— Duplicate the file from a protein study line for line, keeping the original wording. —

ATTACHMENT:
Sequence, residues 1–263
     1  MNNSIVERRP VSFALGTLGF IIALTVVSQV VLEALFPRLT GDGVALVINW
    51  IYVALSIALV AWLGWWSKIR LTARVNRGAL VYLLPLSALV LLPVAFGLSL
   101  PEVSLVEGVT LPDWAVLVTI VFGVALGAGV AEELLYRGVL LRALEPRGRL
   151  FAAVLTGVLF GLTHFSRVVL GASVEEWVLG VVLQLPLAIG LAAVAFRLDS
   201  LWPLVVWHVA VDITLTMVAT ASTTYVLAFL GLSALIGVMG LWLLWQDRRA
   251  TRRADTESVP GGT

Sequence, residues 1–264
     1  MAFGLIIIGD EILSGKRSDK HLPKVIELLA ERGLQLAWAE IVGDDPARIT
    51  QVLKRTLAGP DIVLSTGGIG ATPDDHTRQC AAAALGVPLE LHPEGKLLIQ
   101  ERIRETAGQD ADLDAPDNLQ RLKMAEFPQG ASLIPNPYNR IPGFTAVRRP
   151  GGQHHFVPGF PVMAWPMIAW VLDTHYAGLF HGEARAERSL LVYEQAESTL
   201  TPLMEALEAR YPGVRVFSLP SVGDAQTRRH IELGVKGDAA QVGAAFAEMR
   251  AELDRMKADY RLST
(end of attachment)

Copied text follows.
Sequence, residues 1–263
     1  MNNSIVERRP VSFALGTLGF IIALTVVSQV VLEALFPRLT GDGVALVINW
    51  IYVALSIALV AWLGWWSKIR LTARVNRGAL VYLLPLSALV LLPVAFGLSL
   101  PEVSLVEGVT LPDWAVLVTI VFGVALGAGV AEELLYRGVL LRALEPRGRL
   151  FAAVLTGVLF GLTHFSRVVL GASVEEWVLG VVLQLPLAIG LAAVAFRLDS
   201  LWPLVVWHVA VDITLTMVAT ASTTYVLAFL GLSALIGVMG LWLLWQDRRA
   251  TRRADTESVP GGT

Sequence, residues 1–264
     1  MAFGLIIIGD EILSGKRSDK HLPKVIELLA ERGLQLAWAE IVGDDPARIT
    51  QVLKRTLAGP DIVLSTGGIG ATPDDHTRQC AAAALGVPLE LHPEGKLLIQ
   101  ERIRETAGQD ADLDAPDNLQ RLKMAEFPQG ASLIPNPYNR IPGFTAVRRP
   151  GGQHHFVPGF PVMAWPMIAW VLDTHYAGLF HGEARAERSL LVYEQAESTL
   201  TPLMEALEAR YPGVRVFSLP SVGDAQTRRH IELGVKGDAA QVGAAFAEMR
   251  AELDRMKADY RLST